W3C home > Mailing lists > Public > www-style@w3.org > June 1997

list-item alignment in CSS

From: Hakon Lie <howcome@w3.org>
Date: Wed, 4 Jun 1997 23:49:29 +0200 (MET DST)
Message-Id: <199706042149.XAA13867@www4.inria.fr>
To: Todd Fahrner <fahrner@pobox.com>
Cc: www-style@w3.org
Todd Fahrner writes:

 > I want to block-indent lists by the same value as a paragraph indent, like
 > this:
 > 
 > 	   This is an indented paragraph. Blabbity blab
 > 	blab, blabbity blip. Yaddayadda woohoo, shoop-
 > 	doobie-doop. Yaddayadda woohoo, blabbity blip
 > 	shoop-doobie-doop.
 > 	   This is an indented paragraph. Blabbity blab
 > 	blab, blabbity blip. Yaddayadda woohoo, shoop-
 > 	doobie-doop.
 > 	a. This is a list item. Note that the text,
 > 	   not the marker, is aligned with the paragraph
 > 	   indent above.
 > 	b. This is a another list item. Note that the text,
 > 	   not the marker, is aligned with the paragraph
 > 	   indent above.
 > 
 > Can CSS produce this sort of layout from standard markup?

Yes.

As long as you do not require the list-item markers to be aligned with
anything, the above can be specified with:

  P { text-indent: 2em }   /* or whatever */
  OL { list-style: lower-roman }
  LI { margin-left: 2em }

 > >From http://www.w3.org/pub/WWW/TR/REC-CSS1#list-item-elements :
 > 
 > ---
 > 
 >   <STYLE TYPE="text/css">
 >     UL         { list-style: outside }
 >     UL.compact { list-style: inside }
 >   </STYLE>
 > 
 >   <UL>
 >     <LI>first list item comes first
 >     <LI>second list item comes second
 >   </UL>
 > 
 >   <UL CLASS=COMPACT>
 >     <LI>first list item comes first
 >     <LI>second list item comes second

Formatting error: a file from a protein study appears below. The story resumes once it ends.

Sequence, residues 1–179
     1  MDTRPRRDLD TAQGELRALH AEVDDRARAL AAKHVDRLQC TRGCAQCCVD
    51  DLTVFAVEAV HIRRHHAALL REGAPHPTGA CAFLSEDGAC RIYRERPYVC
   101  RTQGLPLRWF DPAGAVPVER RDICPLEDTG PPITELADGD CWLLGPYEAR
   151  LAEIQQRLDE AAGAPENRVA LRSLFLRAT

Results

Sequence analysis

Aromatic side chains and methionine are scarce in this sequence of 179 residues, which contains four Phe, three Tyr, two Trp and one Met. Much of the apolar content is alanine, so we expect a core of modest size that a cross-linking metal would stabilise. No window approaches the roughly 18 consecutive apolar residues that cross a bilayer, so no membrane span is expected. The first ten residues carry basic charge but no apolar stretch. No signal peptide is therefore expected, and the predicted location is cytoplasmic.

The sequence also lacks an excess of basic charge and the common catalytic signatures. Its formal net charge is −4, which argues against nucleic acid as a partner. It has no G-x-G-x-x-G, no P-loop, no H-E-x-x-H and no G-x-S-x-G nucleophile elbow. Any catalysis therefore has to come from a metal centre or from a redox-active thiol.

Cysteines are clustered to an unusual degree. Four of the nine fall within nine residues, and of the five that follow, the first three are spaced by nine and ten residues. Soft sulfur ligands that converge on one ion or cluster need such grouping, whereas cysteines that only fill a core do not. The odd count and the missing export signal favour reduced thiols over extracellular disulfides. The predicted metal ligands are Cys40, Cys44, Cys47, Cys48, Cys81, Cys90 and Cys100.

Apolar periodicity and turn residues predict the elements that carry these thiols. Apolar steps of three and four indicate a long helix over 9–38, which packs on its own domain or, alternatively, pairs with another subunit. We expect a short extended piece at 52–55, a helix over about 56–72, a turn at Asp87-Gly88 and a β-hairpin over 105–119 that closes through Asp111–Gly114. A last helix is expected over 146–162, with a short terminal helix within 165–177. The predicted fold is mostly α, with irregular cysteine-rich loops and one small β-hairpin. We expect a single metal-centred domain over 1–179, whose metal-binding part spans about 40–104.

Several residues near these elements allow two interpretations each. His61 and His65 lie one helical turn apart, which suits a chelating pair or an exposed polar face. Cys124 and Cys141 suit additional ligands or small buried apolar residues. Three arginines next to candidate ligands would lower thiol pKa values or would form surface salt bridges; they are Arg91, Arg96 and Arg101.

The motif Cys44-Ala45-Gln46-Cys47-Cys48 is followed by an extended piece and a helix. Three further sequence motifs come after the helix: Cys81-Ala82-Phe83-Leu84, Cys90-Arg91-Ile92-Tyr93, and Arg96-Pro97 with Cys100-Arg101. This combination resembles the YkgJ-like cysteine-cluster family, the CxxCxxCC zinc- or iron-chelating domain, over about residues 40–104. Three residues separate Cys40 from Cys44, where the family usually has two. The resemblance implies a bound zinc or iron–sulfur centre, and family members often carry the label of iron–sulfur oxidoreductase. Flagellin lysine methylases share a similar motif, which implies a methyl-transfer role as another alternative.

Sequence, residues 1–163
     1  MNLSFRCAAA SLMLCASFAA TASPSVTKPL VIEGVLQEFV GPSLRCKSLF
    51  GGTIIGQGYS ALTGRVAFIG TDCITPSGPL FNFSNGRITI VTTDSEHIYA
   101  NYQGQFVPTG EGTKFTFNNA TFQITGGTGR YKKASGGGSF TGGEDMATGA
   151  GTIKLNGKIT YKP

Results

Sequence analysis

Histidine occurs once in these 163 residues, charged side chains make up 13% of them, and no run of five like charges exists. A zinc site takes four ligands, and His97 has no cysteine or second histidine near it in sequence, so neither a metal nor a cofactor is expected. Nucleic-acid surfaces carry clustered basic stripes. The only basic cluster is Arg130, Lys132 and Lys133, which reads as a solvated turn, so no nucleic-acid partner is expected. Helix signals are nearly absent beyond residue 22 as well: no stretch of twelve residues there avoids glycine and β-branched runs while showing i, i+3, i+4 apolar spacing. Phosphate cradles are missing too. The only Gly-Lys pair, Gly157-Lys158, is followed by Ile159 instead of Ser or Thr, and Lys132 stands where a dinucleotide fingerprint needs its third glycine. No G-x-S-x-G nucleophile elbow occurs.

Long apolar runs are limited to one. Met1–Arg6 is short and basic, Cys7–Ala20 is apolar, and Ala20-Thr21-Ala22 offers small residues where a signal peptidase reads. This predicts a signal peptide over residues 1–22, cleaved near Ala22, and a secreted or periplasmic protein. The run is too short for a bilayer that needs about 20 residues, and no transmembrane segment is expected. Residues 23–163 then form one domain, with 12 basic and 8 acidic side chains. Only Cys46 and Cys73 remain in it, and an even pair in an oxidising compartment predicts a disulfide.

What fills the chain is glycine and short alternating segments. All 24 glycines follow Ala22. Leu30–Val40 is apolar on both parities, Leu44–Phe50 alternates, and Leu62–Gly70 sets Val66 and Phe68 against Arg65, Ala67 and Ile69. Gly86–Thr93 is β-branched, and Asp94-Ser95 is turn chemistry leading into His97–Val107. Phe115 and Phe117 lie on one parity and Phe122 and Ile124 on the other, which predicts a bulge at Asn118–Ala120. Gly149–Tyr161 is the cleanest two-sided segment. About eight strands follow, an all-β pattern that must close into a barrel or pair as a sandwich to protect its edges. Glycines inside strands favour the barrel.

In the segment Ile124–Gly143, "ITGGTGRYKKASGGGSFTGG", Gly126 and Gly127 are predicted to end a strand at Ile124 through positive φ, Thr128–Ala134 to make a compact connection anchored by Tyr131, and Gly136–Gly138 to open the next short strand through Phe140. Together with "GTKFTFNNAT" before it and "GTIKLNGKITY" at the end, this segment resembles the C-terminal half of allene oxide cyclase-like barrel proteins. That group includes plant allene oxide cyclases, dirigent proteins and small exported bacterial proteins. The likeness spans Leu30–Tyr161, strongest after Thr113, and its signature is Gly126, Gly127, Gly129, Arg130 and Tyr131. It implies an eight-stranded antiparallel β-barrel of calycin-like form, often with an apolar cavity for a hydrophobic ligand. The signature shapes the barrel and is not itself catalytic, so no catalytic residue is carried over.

>   </UL>
 > 
 > The above example may be formatted as:
 > 
 >   * first list item
 >     comes first
 > 
 >   * second list item
 >     comes second
 > 
 > 
 >   * first list
 >   item comes first
 > 
 >   * second list
 >   item comes second
 > 
 > ---
 > 
 > Note the alignment of the asterisks in the ascii-rendering. The style has
 > gone from floating "outside" the block to "inside", yet it is the block,
 > rather than the marker that has shifted. This can't be right. I say this
 > should be corrected to:
 > 
 > ---
 > 
 >   * first list item
 >     comes first
 > 
 >   * second list item
 >     comes second
 > 
 > 
 >     * first list
 >     item comes first
 > 
 >     * second list
 >     item comes second

You're right. The ascii rendering is misleading as it stands (.. but
let me run it through Bert before adding it to the forthcoming errata
sheet). With the keyword value 'outside', the marker will be put
outside the box and the box will be formatted and positioned as any
other box.

With a keyword value of 'inside', the box will be posisioned used the
familiar margin/border/padding onion, and the marker will be put in
front of the content within the box.

 > Has there been any discussion or detailed specification on how lists
 > (or normal block-level elements) should be rendered when their
 > display type is set to "inline"?

If their display type is set to 'inline' they are no longer
block-level elements. For list items, this means that there will be no
list-item marker attached to the element.

E.g.:

  LI { display: inline }

  <UL>
  <LI>foo 
  <LI>bar 
  </UL>

may be rendered as:

  foo bar

The space between "foo" and "bar" is achieved by having spaces in the
HTML source (but the SGML rules on how to collapse white space around
tags may complicate matters). Alternatively, one could add some margin
and/or padding around the elements through the style sheet.

Sorry for entering the discussion so late.

-h&kon

H      k   o   n      W   i   u   m       L   i   e
howcome@w3.org   W o r l d   Wide  W e b  Consortium
inria # FRANCE http://www.w3.org/people/howcome
Received on Wednesday, 4 June 1997 17:49:38 GMT

This archive was generated by hypermail 2.2.0+W3C-0.50 : Monday, 27 April 2009 13:53:50 GMT